On November 30, 2020, the keys to a new home were handed over to the Nekaneet First Nation. It was the first house built by residents of the Okimaw Ohci Healing Lodge (OOHL) for female offenders, outside Maple Creek, Saskatchewan.
In 2018, the CORCAN Indigenous Offender Employment Initiative (IOEI) was launched at Okimaw Ohci Healing Lodge to provide residents with opportunities for on the job and vocational training for construction work.
One of the first projects to be completed was a playhouse that was donated by OOHL CORCAN to the Nekaneet First Nation daycare in October 2019. Shauna Buffalo Calf, Nekaneet First Nation Band Councillor and member of Nekaneet Housing Authority, was there when the playhouse was delivered. It was at this event that Shauna first learned about CORCAN. She was looking for ideas for houses and a partnership seemed like an ideal win-win situation. A few months later, an agreement was signed between CORCAN and the Nekaneet First Nation to build homes for members of the Nekaneet community
Shauna loved the idea that each unit would be built on Nekaneet land, and that this project would not only provide her members with a home, but also support skills training opportunities for the residents of OOHL, contributing to the women building employment skills to aid their reintegration to the community.
For the first housing project, the two CORCAN staff members working out of Okimaw Ohci Healing Lodge, Eugene Wahobin and Joe Daniel, taught five residents the steps for constructing a one bedroom home. During construction, the women learned every aspect of building a house: how to read a blueprint, frame joists/subfloor, frame exterior/interior walls, sheet roof trusses, drywall, insulate, and waterproof the exterior. They assisted with shingling, installation of soffit, fascia, windows, doors, and vinyl siding. The women also learned how to finish the inside of the house, installing flooring, tiling, door and window casings, cabinets and countertops, and painting.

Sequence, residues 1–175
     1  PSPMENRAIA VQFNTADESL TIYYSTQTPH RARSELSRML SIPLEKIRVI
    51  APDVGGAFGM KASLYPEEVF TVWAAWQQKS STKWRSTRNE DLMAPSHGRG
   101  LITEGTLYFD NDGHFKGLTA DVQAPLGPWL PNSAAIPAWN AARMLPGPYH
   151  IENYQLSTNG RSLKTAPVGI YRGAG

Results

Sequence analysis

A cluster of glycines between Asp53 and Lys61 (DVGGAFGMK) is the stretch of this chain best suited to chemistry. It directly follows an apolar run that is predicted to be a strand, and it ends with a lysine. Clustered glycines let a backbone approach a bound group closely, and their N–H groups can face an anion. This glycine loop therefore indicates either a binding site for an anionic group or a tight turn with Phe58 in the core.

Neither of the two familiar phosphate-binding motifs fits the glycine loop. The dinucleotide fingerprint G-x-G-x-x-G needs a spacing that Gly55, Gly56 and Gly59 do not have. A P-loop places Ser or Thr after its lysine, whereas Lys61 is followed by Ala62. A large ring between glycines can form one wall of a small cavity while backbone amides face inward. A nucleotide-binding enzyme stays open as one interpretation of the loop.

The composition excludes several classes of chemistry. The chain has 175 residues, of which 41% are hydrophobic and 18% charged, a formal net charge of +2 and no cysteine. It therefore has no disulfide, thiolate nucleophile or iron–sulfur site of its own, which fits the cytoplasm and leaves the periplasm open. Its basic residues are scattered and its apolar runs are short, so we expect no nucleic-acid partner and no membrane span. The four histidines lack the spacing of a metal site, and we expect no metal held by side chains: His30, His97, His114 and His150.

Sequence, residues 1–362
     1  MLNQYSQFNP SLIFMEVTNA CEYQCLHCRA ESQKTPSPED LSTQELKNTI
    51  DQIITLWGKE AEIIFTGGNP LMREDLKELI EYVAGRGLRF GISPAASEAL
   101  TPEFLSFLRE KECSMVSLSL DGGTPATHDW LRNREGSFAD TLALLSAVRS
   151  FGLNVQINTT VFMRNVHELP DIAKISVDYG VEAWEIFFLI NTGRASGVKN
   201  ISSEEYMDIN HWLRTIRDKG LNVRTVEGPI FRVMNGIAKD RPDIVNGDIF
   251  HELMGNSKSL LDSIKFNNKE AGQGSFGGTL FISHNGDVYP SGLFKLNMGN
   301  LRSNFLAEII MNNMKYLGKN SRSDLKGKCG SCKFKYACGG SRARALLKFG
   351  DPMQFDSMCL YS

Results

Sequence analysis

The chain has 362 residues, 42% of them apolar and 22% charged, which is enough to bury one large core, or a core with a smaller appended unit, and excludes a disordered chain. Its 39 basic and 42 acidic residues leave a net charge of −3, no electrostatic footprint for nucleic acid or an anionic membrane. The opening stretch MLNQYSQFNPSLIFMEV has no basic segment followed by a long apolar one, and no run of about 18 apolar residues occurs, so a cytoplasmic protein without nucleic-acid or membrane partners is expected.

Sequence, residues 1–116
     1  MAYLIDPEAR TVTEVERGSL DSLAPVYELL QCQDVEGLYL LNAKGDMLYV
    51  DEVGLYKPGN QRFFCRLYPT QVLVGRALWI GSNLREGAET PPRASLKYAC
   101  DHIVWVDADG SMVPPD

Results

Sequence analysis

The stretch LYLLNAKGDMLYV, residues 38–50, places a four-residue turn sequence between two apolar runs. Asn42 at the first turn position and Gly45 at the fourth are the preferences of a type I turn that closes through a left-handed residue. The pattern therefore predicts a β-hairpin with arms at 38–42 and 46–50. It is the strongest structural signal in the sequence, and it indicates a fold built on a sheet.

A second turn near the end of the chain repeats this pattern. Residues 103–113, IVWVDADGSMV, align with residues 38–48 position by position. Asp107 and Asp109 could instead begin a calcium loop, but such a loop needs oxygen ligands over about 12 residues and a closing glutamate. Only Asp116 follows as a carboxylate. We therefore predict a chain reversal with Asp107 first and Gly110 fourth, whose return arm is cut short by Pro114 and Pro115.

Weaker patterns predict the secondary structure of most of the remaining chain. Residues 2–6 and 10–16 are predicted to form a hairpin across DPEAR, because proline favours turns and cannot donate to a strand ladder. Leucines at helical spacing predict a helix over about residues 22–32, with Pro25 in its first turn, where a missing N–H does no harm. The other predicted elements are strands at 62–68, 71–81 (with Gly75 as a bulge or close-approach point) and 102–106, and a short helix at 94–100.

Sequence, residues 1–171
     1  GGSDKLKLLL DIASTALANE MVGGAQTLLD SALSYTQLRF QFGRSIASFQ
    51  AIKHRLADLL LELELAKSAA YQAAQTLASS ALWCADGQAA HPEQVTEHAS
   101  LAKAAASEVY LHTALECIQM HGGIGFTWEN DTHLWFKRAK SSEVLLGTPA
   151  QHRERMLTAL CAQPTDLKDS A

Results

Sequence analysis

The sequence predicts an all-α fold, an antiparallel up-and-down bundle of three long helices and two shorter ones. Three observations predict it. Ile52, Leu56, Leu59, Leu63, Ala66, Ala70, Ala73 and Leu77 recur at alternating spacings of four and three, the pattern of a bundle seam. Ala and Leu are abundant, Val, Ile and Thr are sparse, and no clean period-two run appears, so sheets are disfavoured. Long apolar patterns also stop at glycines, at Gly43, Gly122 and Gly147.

Joe talked about the positive impacts that went beyond technical skills for the women involved in the project.
“There are elements of trades work that is inherently hazardous that are dealt with daily. The residents displayed the mental strength to get through some of the ‘danger factor’ elements,” said Joe. He noted how the women quickly worked through anxieties around finger safety posed by hammers, staplers, and shingle nailers.
“Fear of heights was another common insecurity that the residents had to deal with on some levels,” he said. “Through it, all residents learned safety practices to mitigate some of those elements and insecurities.”
Construction of the first home began in May 2020 at Okimaw Ohci Healing Lodge. In September and October, the residents participated in Escorted Temporary Absences to Nekaneet First Nation, under the supervision of CORCAN staff, to prepare the final location for the home. There they learned how to frame and pour concrete footings for the foundation.
“Residents who worked on the project shared that they’d had no clue of all the steps involved with building a house and are grateful for the training,” said Joe. “One stated she has a new confidence around tools she thought she would never use. Another said she has confidence to apply for jobs in construction, and another stated she cannot wait to start the next one!”
The house was moved to its permanent location at Nekaneet on November 30, 2020. Nekaneet Housing Authority has since ordered two additional houses, which will be constructed through the CORCAN program with the women from Okimaw Ohci Healing Lodge.
“Nekaneet First Nation would like to thank CORCAN for the fine work that has been done and we look forward to many more houses to be built,” said Chief Alvin Francis of Nekaneet.
More importantly, through hard work constructing this home, the residents built new skills and confidence that will help them on release to the community.